A Red Deer woman is upset after she was told to leave a mental wellness class because her emotional support dog wasn’t welcome.
“It’s pretty pathetic when you’re being kicked out of a place that’s suppose to be helping you with your mental illness,” said Cara Penney, who was told Butch, a Pomeranian-Chihuahua, was unwelcome at the Ways to Wellness class held at the 49th Street Community Health Centre Thursday morning.
She said there were members of the group who enjoyed having Butch in the room, but staff told her policy did not allow the dog.
Penney said her dog has been permitted to attend sessions in the same building when she visits counsellors, including the one who recommended she take the class.
“I needed to be there today, and he just shuffled me out the door,” she said of the employee.
”They’re lucky I didn’t have a mental breakdown with what I’m going through right now. It doesn’t make any sense at all. I’d like to see their policy.”
Penney said she is worried other clients with support dogs have been denied access to programs at the clinic. She fears they may consider harming themselves when they’re told to leave their animal at home.
She said it’s time to take a stand.
“When you’re wronged, you’re wronged. You have to do something about it, otherwise, they’re going to do it to other people.”
Penney carries a note from a psychiatrist that recommends she have an emotional support dog, and she got Butch in March.
“When I’m sad, he brings me happiness. He’s a good companion.”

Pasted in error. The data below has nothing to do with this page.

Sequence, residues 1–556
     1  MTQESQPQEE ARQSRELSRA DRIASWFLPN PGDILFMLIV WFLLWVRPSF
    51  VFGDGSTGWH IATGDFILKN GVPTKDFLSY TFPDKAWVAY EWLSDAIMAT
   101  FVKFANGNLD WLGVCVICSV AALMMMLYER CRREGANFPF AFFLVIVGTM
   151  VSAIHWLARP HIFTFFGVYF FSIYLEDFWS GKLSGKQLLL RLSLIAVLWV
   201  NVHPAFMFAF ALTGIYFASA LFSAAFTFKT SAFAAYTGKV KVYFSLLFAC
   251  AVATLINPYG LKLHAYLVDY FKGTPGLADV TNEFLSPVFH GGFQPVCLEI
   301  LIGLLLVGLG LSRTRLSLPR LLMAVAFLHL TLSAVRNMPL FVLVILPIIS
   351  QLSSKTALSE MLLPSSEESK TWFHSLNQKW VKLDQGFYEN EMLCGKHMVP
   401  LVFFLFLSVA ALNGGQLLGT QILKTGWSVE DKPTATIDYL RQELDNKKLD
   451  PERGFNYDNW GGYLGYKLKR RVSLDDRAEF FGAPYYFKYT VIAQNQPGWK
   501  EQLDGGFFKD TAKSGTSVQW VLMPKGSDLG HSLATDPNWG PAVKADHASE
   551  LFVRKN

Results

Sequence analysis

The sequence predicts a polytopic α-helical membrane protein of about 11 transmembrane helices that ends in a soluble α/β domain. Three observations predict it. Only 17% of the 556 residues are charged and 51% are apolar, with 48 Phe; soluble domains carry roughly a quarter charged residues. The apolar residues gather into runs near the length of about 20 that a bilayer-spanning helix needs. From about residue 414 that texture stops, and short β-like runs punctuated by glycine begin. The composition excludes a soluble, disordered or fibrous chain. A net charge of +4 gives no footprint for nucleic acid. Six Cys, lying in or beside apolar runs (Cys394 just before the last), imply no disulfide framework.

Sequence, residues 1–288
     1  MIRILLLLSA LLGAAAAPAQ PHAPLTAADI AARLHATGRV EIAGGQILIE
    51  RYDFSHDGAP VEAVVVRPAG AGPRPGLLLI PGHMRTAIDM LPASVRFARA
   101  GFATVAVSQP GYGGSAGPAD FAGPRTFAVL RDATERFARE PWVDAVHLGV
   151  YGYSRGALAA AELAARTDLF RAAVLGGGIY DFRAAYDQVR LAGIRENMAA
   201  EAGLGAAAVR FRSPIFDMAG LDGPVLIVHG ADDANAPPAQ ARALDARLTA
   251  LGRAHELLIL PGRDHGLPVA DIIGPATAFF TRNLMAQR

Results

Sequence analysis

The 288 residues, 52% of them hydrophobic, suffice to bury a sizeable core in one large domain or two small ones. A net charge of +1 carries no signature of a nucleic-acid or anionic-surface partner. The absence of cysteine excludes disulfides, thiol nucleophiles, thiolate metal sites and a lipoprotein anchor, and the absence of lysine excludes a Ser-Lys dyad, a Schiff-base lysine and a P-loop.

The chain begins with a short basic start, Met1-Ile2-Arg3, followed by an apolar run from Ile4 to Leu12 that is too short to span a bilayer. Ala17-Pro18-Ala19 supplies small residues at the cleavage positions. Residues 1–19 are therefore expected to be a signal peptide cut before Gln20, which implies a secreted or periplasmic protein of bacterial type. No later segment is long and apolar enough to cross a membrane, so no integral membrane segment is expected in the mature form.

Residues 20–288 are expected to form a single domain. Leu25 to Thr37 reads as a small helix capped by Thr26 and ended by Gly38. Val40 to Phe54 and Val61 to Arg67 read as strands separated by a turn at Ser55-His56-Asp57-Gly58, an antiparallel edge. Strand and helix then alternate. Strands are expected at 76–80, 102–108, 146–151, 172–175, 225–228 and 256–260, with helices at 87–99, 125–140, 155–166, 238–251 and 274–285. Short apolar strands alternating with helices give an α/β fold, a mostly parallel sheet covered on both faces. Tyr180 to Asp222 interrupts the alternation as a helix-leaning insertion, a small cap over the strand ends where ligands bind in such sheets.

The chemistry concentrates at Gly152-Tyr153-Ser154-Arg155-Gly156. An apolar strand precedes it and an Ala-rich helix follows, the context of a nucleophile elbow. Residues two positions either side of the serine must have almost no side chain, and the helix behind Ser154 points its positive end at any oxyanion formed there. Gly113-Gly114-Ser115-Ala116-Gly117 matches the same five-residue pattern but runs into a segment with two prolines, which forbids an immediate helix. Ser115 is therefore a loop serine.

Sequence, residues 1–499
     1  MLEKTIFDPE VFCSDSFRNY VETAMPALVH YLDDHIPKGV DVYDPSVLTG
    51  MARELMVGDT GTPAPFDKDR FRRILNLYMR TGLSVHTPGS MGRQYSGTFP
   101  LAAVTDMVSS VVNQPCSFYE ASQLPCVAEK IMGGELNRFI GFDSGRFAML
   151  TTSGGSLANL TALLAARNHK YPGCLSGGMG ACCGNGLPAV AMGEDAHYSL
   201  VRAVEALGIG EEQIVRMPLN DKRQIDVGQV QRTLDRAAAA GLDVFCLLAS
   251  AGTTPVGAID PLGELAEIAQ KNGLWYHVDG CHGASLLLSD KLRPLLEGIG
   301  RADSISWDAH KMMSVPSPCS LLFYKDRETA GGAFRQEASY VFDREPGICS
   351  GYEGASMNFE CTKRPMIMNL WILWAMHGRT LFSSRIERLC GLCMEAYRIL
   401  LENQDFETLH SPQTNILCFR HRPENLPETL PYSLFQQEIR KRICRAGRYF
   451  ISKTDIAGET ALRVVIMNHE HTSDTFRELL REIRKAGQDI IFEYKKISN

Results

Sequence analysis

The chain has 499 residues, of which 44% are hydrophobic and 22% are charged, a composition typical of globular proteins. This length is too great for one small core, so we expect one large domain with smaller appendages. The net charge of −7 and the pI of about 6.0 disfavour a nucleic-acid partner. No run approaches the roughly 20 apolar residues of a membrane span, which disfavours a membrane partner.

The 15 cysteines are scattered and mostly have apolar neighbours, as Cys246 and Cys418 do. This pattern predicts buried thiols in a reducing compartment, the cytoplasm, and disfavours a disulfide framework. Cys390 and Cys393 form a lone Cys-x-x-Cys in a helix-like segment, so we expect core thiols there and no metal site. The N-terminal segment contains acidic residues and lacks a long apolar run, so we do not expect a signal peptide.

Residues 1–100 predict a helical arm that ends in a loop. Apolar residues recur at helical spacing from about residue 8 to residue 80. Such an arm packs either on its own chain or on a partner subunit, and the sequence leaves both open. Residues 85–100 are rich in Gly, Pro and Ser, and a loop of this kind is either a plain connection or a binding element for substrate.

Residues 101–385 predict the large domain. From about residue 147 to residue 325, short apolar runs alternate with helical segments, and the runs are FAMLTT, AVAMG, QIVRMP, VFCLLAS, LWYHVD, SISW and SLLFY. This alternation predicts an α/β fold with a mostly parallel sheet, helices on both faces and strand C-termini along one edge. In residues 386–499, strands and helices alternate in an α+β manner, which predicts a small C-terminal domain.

And the playful dog, who eagerly greets strangers, has a positive impact on others, she said.
“I’ve had guys downtown in their suits come down from their offices to take a picture with him,” Penney said.
In a statement, Alberta Health Services said that it understands that for many people, a dog or other kind of pet can provide important support, and can help them through challenging times.
“The bond between an owner and their pet is significant. However, we must ensure that we strike a balance between acknowledging and supporting that bond, and ensuring that other people are also comfortable having a dog nearby,” AHS said.
“In the case of a group setting, staff must weigh the needs of an individual with whether the goals of a group are best served by the introduction of an animal.
“We have to take into consideration issues such as allergies or anxieties that other members of a group may have. We also have to consider if other members of a group are comfortable having a dog at a session, or if they have had bad experiences with dogs in the past.”
AHS said if a client is dissatisfied with a decision, an alternative service option can generally be provided. For example, in many cases, one-on-one services are offered at which a support dog can be present. This option was provided in this particular case, it said.
“Policies on pets in AHS facilities do vary by site. Emotional support animals do not have the same designations or protections as designated service animals.
“Management and staff must make the best decision for each context, based on a number of factors that govern most sites,” AHS said.